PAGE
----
(Click for larger, actually readable version)

Conclusions and Caveats

Based on the simulations, the bootprint on the Moon would have about even odds of lasting at least 20 billion years if the primary means of destruction is through the formation of a crater from a meteorite.  However, there are a few caveats that should be addressed.  These deal with either the details of the simulation or the assumptions we have made.

In the simulation, we just took at 1 km square patch of the moon and scaled back the "crater flux" accordingly.  However, this does not fully account for all possible craters that can form.  For example, our simulation would miss an event that hit 50 km away from the target, but had a diameter of 100 km.  Obviously this would hit the target, but we are only seeding craters in the 1 square km region.  This would mean that the actual lifetime of the bootprint would be less than our 24 billion year figure.  Re-running with a 10km by 10km square region, we find a lifetime of 18 billion years.  Thus, an increase in area by a factor of 100 only reduces the age by 25%.  Considering areas much larger than this makes the simulation prohibitively slow, but the order unity effect does not seem too significant.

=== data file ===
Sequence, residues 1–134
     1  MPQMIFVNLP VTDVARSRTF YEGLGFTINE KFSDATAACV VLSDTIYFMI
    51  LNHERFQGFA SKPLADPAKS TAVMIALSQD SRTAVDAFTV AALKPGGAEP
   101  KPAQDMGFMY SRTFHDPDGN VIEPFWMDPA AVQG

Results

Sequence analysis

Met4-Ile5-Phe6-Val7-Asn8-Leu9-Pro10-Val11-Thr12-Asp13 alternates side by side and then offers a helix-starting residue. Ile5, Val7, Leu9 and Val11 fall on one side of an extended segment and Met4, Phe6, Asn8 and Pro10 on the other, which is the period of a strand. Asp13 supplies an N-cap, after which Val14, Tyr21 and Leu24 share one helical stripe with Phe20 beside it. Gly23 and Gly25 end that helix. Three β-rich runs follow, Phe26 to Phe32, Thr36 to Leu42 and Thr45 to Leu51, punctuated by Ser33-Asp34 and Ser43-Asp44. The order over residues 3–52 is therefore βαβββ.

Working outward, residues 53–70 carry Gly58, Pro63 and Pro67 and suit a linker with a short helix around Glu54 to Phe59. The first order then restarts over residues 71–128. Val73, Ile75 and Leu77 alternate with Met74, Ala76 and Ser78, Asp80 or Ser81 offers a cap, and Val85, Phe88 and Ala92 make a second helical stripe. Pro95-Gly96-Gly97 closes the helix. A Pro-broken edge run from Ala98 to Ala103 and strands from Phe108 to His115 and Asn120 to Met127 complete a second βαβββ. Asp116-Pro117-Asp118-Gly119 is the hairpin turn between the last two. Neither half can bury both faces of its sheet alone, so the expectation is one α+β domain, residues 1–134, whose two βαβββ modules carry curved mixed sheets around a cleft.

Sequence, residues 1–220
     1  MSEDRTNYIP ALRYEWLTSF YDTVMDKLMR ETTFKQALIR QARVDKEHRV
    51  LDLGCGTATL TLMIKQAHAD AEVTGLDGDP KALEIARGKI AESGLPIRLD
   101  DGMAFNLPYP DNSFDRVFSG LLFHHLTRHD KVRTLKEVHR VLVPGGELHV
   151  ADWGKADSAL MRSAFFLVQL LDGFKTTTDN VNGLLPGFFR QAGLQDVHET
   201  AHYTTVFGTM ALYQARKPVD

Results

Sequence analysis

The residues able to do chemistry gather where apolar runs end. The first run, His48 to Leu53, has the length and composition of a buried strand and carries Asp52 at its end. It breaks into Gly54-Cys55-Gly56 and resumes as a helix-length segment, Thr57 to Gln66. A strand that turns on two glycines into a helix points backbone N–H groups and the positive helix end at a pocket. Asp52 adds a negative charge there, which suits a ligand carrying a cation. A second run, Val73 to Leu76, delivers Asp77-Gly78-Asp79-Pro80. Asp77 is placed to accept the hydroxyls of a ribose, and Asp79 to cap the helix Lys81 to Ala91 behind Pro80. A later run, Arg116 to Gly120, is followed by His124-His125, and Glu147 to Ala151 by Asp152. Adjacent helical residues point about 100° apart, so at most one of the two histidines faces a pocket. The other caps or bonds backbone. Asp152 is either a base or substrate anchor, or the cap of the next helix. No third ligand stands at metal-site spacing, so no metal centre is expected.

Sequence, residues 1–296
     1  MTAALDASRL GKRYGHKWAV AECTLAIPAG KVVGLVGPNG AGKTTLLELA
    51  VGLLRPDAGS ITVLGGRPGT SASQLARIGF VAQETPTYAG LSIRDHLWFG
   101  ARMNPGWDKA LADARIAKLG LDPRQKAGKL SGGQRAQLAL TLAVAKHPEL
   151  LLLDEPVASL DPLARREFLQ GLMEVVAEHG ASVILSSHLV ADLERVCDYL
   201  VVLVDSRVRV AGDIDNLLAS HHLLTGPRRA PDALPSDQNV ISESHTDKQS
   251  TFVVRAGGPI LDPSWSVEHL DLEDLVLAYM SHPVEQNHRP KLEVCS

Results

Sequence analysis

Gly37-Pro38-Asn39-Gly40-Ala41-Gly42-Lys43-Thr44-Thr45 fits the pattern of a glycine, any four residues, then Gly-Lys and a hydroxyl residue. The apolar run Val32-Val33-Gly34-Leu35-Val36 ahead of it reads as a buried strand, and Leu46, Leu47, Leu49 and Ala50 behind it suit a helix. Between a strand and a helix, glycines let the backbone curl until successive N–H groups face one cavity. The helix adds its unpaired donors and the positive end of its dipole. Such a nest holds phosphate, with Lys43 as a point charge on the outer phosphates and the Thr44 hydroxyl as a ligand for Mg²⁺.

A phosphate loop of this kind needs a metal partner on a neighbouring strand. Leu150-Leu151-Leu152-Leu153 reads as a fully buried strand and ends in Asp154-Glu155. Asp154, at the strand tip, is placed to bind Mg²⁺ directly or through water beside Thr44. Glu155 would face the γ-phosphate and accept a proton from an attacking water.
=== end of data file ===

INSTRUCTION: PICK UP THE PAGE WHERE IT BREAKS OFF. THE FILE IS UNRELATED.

Additionally, we have made a number of assumptions.  The big one is that we have assumed that the craters currently seen on the Moon were formed uniformly in time.  In fact, a large fraction of the craters may have been formed when the Moon was still very young (see Late Heavy Bombardment).  If this were the case, we would have greatly overestimated the rate of crater formation and thus underestimated the time needed to hit the bootprint.